JOURNAL ARTICLE

Prolonged intravenous therapy versus early transition to oral antimicrobial therapy for acute osteomyelitis in children

Theoklis Zaoutis, A Russell Localio, Kateri Leckerman, Stephanie Saddlemire, David Bertoch, Ron Keren
Pediatrics 2009, 123 (2): 636-42
19171632

OBJECTIVES: Early transition from intravenous to oral antimicrobial therapy for acute osteomyelitis in children has been suggested as a safe and effective alternative to traditional prolonged intravenous therapy via central venous catheter, but no studies have directly compared these 2 treatment modalities. We sought to compare the effectiveness of early transition from intravenous to oral antimicrobial therapy versus prolonged intravenous antimicrobial therapy for the treatment of children with acute osteomyelitis.

METHODS: We conducted a retrospective cohort study of children aged 2 months to 17 years diagnosed with acute osteomyelitis between 2000 and 2005 at 29 freestanding children's hospitals in the United States to confirm the extent of variation in the use of early transition to oral therapy. We used propensity scores to adjust for potential differences between children treated with prolonged intravenous therapy and logistic regression to model the association of outcome (treatment failure rates within 6 months of diagnosis) and difference in the mode of therapy within hospitals and across hospitals.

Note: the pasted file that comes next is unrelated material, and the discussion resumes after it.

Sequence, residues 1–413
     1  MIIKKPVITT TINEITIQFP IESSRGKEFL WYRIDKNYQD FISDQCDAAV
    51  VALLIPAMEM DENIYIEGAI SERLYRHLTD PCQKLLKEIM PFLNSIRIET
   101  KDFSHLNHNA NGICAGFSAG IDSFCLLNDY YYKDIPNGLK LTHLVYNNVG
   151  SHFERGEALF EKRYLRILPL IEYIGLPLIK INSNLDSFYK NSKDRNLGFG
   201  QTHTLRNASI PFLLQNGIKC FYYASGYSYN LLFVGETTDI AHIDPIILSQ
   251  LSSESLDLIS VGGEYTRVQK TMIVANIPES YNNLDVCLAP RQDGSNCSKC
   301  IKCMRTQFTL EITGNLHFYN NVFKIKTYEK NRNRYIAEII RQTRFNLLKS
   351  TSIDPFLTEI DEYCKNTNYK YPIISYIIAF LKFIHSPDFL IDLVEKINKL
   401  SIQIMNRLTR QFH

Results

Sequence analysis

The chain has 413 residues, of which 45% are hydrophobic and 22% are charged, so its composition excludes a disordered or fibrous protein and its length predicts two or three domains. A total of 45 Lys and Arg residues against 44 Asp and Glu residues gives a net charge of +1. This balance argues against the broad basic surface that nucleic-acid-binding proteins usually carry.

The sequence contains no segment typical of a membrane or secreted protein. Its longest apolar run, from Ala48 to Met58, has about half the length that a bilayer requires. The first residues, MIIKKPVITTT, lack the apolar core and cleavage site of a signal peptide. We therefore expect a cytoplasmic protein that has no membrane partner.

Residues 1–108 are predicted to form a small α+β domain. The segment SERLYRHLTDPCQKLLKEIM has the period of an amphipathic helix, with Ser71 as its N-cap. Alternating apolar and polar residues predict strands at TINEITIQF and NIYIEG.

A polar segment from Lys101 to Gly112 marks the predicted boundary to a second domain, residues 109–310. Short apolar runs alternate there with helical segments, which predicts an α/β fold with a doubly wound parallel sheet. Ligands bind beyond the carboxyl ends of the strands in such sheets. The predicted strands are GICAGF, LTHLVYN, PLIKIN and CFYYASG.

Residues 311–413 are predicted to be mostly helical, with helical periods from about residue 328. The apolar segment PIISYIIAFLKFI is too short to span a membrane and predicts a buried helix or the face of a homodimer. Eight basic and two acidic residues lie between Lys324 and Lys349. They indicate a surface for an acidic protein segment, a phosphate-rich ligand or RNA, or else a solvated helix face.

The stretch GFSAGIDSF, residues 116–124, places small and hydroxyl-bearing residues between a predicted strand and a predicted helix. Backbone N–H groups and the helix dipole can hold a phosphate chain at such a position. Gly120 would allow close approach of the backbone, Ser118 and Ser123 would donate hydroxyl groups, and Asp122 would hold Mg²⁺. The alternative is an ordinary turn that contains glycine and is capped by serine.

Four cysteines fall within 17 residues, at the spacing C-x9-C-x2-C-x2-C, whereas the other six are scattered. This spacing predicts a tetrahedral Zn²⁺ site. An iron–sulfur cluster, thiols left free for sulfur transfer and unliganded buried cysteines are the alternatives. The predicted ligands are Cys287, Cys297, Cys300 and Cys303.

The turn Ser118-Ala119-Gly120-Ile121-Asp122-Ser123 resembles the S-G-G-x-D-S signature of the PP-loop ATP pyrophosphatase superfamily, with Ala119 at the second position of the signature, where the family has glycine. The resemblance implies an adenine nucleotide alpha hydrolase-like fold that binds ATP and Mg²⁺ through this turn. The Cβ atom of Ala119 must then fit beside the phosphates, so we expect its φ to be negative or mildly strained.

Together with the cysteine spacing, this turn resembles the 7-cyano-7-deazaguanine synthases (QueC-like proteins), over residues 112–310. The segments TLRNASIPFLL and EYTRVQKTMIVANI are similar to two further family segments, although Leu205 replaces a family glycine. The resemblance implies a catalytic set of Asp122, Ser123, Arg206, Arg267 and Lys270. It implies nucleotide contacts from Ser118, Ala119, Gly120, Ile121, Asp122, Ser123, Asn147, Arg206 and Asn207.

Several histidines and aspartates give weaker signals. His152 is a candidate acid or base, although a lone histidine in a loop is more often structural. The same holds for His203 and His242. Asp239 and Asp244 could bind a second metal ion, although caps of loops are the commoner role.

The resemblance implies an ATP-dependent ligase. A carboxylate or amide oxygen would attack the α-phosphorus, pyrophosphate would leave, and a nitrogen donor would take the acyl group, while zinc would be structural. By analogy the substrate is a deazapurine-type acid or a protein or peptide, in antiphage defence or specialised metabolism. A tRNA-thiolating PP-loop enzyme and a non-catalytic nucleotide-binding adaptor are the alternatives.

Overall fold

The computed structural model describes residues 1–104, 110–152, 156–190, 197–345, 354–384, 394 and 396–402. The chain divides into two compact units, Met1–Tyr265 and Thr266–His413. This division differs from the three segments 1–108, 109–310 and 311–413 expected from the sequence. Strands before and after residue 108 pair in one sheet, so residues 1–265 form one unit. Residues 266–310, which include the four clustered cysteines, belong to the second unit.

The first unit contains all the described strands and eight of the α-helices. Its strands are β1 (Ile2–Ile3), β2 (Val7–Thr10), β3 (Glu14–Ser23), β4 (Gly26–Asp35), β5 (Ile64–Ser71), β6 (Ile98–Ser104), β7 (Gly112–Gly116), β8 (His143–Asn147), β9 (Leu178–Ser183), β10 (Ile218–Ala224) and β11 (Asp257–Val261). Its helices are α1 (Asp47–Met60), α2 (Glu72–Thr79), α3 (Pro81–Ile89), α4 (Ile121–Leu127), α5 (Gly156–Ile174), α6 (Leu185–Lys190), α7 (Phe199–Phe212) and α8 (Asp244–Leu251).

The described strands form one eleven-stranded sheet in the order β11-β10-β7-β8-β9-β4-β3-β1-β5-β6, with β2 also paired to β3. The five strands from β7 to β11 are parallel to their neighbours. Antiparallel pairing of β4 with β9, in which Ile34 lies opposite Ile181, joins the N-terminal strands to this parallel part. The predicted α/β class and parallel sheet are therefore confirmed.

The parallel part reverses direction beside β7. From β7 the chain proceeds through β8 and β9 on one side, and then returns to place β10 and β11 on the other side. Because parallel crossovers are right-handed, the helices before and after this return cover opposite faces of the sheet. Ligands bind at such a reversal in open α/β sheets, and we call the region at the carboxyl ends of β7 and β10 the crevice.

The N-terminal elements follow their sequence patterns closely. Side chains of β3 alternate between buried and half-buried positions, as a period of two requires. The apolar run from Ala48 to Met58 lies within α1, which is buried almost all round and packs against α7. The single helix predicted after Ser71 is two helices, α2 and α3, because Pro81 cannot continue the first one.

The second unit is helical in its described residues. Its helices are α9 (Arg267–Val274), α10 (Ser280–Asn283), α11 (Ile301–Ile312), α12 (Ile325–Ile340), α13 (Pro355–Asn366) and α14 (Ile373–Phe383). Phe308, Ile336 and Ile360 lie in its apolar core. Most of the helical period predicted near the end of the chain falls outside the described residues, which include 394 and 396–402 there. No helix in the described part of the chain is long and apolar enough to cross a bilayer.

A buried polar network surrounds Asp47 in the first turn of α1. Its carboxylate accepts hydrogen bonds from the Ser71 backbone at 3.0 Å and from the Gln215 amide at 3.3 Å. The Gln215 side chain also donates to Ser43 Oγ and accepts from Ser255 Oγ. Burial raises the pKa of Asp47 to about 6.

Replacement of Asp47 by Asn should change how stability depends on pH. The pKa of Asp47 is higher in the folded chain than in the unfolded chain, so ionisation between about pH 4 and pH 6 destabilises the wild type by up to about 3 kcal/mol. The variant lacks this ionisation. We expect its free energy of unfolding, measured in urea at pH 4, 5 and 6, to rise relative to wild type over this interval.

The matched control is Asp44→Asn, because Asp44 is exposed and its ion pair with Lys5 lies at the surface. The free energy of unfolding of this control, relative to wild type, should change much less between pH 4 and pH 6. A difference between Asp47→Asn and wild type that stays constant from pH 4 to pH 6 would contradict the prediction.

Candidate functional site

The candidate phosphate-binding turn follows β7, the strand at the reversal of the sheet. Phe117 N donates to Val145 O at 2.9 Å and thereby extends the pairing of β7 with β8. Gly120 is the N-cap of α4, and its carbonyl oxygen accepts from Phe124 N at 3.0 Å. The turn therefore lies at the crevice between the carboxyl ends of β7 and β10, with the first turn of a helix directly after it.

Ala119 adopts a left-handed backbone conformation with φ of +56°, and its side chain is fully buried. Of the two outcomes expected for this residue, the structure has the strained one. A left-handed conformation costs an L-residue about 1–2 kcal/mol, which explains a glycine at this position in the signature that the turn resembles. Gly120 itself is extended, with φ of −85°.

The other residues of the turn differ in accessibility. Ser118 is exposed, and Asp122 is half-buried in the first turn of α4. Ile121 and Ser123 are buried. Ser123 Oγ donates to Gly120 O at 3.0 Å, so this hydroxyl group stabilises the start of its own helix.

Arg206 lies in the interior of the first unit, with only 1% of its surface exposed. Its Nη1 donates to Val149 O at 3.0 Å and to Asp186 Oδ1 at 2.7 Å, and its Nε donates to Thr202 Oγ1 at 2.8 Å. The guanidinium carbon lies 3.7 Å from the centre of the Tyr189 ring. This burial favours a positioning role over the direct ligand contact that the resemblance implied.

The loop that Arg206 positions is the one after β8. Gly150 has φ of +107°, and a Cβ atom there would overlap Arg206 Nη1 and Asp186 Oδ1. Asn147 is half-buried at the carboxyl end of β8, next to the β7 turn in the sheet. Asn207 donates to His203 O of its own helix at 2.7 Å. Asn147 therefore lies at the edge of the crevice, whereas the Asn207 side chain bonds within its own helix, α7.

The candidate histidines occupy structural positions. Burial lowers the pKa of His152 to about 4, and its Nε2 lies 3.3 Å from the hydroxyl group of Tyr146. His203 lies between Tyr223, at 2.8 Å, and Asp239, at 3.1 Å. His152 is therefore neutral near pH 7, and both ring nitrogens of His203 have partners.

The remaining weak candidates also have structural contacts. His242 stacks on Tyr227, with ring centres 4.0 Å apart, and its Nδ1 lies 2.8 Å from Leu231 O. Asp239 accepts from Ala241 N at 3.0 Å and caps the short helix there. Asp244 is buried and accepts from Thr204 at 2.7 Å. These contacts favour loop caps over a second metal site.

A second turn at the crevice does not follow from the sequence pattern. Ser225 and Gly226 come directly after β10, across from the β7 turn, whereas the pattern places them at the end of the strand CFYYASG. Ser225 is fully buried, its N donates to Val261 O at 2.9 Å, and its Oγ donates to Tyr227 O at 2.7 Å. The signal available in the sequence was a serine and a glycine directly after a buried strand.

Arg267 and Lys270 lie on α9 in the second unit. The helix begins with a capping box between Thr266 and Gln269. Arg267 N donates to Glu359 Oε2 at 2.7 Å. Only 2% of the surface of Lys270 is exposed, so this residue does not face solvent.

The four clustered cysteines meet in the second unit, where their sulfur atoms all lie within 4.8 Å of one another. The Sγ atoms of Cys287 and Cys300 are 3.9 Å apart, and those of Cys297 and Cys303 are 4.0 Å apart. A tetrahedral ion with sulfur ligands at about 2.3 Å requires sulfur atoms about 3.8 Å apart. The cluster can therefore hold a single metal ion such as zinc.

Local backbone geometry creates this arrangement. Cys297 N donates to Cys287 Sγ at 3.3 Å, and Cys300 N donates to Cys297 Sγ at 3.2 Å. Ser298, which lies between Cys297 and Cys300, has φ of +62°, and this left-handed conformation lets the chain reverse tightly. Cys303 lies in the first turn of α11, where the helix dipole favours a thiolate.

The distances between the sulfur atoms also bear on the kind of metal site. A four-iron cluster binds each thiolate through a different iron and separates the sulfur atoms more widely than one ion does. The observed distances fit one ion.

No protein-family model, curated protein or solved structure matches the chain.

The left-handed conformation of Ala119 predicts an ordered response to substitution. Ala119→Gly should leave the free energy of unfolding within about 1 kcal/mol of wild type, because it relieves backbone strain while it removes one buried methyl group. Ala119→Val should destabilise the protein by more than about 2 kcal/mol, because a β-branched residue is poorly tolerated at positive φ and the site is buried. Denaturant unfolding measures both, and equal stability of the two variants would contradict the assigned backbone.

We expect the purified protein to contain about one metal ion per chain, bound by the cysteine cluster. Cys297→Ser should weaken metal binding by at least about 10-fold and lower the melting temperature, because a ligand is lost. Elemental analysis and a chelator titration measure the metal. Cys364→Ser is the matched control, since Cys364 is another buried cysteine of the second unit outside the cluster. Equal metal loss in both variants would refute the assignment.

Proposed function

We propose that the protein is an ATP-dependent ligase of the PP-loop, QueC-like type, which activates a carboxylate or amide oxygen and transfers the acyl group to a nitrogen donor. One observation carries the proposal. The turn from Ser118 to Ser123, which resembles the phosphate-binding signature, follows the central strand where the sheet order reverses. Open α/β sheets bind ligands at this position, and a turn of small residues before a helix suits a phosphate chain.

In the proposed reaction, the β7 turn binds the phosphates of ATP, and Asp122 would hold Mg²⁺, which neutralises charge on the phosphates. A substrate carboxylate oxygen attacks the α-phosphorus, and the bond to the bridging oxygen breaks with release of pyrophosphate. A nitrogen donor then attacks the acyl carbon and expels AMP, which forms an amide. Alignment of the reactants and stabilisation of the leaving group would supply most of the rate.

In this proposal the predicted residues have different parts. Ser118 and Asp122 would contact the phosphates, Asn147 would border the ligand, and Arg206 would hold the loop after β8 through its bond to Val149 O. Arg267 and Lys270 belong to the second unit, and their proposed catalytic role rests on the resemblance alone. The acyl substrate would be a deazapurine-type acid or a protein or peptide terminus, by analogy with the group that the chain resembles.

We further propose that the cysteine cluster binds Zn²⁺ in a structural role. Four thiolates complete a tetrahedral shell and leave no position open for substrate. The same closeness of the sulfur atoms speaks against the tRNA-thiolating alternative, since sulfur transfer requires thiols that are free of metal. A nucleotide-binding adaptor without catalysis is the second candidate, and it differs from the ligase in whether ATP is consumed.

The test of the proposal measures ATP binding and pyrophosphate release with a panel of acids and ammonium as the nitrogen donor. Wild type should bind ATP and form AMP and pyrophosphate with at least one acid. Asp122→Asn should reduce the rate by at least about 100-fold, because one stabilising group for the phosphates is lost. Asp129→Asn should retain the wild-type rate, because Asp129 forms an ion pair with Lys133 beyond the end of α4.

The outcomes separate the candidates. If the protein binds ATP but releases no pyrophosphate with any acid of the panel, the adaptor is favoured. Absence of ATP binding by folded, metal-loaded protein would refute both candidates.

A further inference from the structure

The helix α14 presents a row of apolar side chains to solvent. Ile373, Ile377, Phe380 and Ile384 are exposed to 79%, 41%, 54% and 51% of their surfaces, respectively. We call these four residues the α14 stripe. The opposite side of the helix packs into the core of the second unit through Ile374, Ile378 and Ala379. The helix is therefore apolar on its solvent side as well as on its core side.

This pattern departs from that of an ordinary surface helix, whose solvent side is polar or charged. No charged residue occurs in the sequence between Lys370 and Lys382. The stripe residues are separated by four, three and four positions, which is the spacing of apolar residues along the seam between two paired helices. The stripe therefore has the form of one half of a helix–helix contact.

RESULTS: Of the 1969 children who met inclusion criteria, 1021 received prolonged intravenous therapy and 948 received oral therapy. The use of prolonged intravenous therapy varied significantly across hospitals (10%-95%). The treatment failure rate was 5% (54 of 1021) in the prolonged intravenous therapy group and 4% (38 of 948) in the oral therapy group. There was no significant association between treatment failure and the mode of antimicrobial therapy. Thirty-five (3.4%) children in the prolonged intravenous therapy group were readmitted for a catheter-associated complication.

CONCLUSIONS: Treatment of acute osteomyelitis with early transition to oral therapy is not associated with a higher risk of treatment failures and avoids the risks of prolonged intravenous therapy through central venous catheters.

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